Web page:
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Microsoft Handhelds Hardware

Microsoft Surface Pro 4 and Surface Book Reviews 152

An anonymous reader writes: Anandtech posted reviews of the Microsoft Surface Pro 4 and the Microsoft Surface Book today. They write: "After launching Surface Pro 3 with Haswell in 2014, Microsoft — like so many manufacturers — opted to skip the short-lived Broadwell generation of Intel CPUs in favor of making the larger jump to Skylake. Skylake brings with it notable increases in both CPU and GPU performance, particularly in the mobile space thanks to a series of optimizations and the use of Intel's leading 14nm manufacturing node," about the Pro 4 and with regards to the Book, "The basis of the Surface Book is that it is designed to be used as a laptop most of the time, but the display can be removed as a Clipboard for use with the pen. The Surface Book is certainly not the first device to do this, but it does some things in new ways that are pretty interesting."
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Microsoft Surface Pro 4 and Surface Book Reviews

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  • by Assmasher ( 456699 ) on Wednesday October 21, 2015 @06:31PM (#50777615) Journal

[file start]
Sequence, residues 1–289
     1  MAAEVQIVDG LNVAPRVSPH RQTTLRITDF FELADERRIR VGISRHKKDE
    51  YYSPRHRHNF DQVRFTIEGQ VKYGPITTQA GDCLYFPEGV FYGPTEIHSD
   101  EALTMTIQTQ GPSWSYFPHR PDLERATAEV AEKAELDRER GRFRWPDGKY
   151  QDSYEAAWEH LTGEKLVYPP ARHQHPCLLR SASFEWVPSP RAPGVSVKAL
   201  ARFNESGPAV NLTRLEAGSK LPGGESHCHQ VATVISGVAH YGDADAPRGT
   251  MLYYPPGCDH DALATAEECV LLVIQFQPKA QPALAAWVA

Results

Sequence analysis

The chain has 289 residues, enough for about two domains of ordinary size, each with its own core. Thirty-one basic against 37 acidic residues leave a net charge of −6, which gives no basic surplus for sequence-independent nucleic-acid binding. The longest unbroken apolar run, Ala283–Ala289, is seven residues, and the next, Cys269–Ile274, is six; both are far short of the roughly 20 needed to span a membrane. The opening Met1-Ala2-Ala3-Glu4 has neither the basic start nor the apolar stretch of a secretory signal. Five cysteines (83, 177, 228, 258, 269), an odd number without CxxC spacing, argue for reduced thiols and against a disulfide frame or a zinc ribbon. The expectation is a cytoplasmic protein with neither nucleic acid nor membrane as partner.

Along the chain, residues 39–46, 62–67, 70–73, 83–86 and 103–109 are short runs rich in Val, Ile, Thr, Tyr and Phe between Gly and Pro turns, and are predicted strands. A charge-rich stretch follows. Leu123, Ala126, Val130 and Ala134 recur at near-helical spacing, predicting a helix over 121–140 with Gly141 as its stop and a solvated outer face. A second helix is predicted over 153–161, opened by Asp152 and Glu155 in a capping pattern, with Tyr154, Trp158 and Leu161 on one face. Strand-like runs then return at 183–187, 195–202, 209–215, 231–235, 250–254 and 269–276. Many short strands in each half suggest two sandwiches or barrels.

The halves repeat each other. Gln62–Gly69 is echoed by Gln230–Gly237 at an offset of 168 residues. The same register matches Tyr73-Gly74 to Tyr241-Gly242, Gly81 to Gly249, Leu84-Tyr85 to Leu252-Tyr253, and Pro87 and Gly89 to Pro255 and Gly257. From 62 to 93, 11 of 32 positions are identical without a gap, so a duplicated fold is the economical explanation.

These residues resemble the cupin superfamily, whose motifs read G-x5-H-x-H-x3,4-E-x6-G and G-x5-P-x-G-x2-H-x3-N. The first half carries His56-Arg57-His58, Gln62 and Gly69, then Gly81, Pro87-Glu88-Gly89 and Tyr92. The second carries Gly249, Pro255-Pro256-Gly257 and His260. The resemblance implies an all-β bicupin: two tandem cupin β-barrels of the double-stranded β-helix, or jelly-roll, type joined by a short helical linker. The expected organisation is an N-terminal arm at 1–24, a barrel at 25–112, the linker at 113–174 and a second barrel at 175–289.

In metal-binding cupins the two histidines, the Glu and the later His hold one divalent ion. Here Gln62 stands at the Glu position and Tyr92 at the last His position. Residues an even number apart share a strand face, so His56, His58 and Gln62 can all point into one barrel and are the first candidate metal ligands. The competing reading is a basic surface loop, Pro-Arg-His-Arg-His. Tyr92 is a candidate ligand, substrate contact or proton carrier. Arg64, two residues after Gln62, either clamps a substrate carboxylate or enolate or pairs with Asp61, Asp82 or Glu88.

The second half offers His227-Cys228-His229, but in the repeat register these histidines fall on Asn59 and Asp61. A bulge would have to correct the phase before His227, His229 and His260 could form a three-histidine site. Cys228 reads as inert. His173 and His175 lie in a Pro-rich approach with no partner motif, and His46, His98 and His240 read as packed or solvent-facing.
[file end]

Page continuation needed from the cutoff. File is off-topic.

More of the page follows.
Looking to do so...

    • interested in this too...

      'but does it run linux?'

      • by sexconker ( 1179573 ) on Wednesday October 21, 2015 @06:51PM (#50777769)

        The better question is "Can I rip out Windows 10 and slap on Windows 7?".

    • Looking to do so...

      Putting Ubuntu, or anything else on a Surface makes as much sense as trying to put Windows on a MacBook Air. The question it begs is - WHY? Just like the only reason to buy a MacBook Air is if one wants an OS-X laptop, the only reason to get a Surface is if one wants a tablet that can transform into a laptop, and have proper interfaces for each. Ubuntu might have been preferable to Windows 8, where both OSs had a one size fits all approach. But Windows 10 is a lot better suited for a Surface, and vice v